The recent tit-for-tat episode between Venezuela and Colombia brought to the forefront the military capabilities of both countries.
Each side as their strengths and weaknesses. Venezuela has far less troops than Colombia, and Venezuelan troops aren't well trained. On the other hand, Venezuela has more fire power (more artillery, bigger and better aircraft, and tanks). The Colombian Army doesn't have tanks due to the nature of where they operate: mainly in the Andes mountains and jungles, neither place conducive to using tanks, but has been engaged in an on-going war with the likes of the FARC and ELN for the past 40 years. Venezuelan troops have been acting in more humanitarian capacity (by design).
Venezuela is gearing up a militia to defend the homeland in case of an invasion. If you believe Chavez' rhetoric, the US is just chomping on the bit to come and invade his country. As the article also points out, this militia acts as means to rescue Chavez in case of another attempted coup; the last one supported by commanding officers in Venezuela's military.
I would agree with the first article's assessment that Chavez wouldn't be the one to push Venezuela into a war. While he isn't the brightest bulb in the bunch, he's not stupid enough to go against a military force that is bigger and better prepared than his.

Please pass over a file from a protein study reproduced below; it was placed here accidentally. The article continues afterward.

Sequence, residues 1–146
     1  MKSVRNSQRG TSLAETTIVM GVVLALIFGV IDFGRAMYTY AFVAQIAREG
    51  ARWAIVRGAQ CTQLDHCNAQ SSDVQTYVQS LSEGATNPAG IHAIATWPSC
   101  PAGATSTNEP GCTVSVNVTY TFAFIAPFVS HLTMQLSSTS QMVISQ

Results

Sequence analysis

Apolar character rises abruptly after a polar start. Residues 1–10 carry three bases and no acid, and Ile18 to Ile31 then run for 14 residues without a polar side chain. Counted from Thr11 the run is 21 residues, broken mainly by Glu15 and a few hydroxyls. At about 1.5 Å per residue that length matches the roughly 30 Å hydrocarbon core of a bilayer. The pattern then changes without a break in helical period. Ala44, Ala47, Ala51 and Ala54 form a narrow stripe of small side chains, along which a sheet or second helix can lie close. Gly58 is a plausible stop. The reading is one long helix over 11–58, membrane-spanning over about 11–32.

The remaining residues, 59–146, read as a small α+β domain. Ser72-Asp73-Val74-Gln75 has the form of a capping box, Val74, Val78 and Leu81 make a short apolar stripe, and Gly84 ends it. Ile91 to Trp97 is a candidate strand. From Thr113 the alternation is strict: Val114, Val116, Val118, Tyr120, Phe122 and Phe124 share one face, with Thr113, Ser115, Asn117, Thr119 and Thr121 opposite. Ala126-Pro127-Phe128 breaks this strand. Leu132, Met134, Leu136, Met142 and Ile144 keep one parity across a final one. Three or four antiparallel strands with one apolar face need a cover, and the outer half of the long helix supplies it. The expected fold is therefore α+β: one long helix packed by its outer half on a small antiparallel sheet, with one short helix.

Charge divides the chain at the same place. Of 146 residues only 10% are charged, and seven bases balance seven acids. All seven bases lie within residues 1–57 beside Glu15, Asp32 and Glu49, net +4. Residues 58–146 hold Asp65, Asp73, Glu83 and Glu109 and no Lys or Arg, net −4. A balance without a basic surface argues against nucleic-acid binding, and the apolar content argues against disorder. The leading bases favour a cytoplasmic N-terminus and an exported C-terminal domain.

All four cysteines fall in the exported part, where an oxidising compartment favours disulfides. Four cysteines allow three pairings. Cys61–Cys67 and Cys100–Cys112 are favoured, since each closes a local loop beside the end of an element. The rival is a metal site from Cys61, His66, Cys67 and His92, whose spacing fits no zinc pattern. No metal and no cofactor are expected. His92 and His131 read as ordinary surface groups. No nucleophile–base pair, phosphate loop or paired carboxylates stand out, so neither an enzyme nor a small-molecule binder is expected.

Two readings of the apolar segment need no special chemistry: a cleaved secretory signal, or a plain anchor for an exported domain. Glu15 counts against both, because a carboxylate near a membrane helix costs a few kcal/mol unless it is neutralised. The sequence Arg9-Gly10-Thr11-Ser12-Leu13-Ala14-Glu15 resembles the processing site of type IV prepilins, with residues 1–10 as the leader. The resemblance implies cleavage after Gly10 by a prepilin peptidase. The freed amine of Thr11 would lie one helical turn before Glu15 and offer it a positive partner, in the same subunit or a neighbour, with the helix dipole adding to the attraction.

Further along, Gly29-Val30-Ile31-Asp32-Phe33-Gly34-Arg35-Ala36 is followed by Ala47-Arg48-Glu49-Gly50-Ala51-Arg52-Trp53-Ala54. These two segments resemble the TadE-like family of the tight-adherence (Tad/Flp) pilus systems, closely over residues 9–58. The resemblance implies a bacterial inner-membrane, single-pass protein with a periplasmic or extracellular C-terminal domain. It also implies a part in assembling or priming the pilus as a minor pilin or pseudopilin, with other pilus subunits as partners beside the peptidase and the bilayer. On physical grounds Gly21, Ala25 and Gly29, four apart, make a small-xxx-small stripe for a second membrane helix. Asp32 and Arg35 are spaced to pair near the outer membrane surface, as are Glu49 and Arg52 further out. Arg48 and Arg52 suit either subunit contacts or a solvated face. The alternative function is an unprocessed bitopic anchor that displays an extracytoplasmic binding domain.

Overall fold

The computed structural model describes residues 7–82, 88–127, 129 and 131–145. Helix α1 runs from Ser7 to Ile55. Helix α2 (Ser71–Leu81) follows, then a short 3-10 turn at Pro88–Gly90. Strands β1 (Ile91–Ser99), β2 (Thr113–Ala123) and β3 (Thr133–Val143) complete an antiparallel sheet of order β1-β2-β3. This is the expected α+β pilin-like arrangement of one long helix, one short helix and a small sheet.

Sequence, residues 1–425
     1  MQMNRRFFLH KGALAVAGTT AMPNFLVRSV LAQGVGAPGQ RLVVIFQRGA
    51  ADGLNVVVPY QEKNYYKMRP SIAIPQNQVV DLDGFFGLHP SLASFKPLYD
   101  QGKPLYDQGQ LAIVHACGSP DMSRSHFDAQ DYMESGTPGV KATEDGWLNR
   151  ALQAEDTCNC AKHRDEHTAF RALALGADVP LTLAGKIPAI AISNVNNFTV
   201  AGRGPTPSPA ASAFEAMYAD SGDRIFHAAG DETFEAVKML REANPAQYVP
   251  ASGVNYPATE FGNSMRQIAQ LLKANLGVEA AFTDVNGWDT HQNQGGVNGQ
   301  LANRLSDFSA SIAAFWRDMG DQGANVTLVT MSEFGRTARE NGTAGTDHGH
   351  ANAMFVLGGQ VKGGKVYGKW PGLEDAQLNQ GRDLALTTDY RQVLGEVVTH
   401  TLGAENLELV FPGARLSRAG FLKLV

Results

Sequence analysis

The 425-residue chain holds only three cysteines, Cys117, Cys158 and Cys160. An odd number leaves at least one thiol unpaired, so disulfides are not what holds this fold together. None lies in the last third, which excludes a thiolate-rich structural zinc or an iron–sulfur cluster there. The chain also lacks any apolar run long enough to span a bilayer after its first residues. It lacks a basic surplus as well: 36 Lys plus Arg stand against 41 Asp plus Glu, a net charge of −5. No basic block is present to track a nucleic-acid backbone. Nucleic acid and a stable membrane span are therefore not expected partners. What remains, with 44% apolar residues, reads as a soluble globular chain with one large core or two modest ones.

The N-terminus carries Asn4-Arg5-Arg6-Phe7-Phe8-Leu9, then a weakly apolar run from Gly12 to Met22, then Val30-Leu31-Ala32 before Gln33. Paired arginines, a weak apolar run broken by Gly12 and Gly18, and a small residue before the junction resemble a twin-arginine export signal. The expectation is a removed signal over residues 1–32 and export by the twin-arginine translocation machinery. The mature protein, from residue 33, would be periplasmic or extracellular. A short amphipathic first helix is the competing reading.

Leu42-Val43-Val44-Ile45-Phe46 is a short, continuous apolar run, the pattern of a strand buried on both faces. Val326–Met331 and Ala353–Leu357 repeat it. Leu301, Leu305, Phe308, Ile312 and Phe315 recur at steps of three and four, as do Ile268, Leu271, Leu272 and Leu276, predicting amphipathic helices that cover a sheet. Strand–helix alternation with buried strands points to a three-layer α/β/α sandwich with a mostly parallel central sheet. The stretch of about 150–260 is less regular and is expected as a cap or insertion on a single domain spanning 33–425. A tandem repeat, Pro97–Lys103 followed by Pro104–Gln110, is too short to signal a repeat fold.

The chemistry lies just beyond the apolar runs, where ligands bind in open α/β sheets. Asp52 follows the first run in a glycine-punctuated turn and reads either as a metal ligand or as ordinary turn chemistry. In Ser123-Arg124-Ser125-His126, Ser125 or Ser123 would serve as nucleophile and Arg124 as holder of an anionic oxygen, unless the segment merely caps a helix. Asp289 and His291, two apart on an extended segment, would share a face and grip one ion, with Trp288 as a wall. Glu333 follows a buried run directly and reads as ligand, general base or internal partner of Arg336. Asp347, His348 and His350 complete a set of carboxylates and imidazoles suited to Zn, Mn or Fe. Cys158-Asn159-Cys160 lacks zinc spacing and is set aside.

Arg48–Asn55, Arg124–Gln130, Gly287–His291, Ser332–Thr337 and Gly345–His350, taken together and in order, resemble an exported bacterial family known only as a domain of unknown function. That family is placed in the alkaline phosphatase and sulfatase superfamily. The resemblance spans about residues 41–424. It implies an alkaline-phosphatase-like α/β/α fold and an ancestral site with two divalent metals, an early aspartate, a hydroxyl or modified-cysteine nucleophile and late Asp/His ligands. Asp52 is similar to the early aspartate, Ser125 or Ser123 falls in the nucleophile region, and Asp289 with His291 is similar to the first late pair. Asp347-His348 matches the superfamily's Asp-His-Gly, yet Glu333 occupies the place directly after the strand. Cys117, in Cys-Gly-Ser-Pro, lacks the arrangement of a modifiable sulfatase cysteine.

The real concern with the ramping up of militias in Venezuela is what will happen when Chavez is defeated in the next election. While that election is in 2012, events may transpire between now and then that bring about the fall of Mr. Chavez term as president. While Chavez' popularity is on the decline in Venezuela, there remains a small stalwart segment of supporters (those that Chavez was supposed to help, but who aren't much better off now than they were before other than they now have weapons to help them express their pent up anger) ready to defend him and fight for him.
At that point, the concern would be that these civilian militias step in, and all out civil war will ensue. That's the point at which the world will find out where the loyalties of the Venezuelan army lie, and if the opposition to Chavez has been able to arm itself as well.
So the powder keg is really Venezuela itself and it's being fueled by petrodollars, and Chavez rhetoric.